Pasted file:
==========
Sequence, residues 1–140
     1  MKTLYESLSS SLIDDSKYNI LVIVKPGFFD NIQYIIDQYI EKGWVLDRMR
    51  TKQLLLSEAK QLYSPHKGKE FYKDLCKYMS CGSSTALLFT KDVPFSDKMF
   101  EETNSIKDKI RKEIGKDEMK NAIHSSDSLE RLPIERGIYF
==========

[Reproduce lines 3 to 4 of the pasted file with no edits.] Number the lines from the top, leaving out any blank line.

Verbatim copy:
    51  TKQLLLSEAK QLYSPHKGKE FYKDLCKYMS CGSSTALLFT KDVPFSDKMF
   101  EETNSIKDKI RKEIGKDEMK NAIHSSDSLE RLPIERGIYF